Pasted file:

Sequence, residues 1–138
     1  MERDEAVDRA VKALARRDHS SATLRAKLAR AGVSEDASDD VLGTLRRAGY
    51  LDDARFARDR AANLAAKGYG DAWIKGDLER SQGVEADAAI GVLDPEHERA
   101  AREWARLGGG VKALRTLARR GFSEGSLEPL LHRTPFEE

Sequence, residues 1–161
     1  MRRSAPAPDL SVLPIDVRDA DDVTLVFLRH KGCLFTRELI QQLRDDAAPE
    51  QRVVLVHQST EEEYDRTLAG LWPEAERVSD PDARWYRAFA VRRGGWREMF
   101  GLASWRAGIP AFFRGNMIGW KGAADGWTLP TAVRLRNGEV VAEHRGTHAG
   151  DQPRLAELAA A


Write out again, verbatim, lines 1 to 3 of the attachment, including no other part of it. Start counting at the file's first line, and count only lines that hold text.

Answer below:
Sequence, residues 1–138
     1  MERDEAVDRA VKALARRDHS SATLRAKLAR AGVSEDASDD VLGTLRRAGY
    51  LDDARFARDR AANLAAKGYG DAWIKGDLER SQGVEADAAI GVLDPEHERA